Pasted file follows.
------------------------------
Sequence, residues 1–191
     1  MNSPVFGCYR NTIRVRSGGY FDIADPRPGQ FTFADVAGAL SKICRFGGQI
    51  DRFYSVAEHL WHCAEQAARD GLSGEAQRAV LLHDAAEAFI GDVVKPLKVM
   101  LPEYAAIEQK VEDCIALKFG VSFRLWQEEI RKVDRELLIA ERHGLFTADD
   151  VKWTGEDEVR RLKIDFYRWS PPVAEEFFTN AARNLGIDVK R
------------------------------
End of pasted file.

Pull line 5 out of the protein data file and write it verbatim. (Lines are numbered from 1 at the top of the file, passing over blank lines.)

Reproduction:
   151  VKWTGEDEVR RLKIDFYRWS PPVAEEFFTN AARNLGIDVK R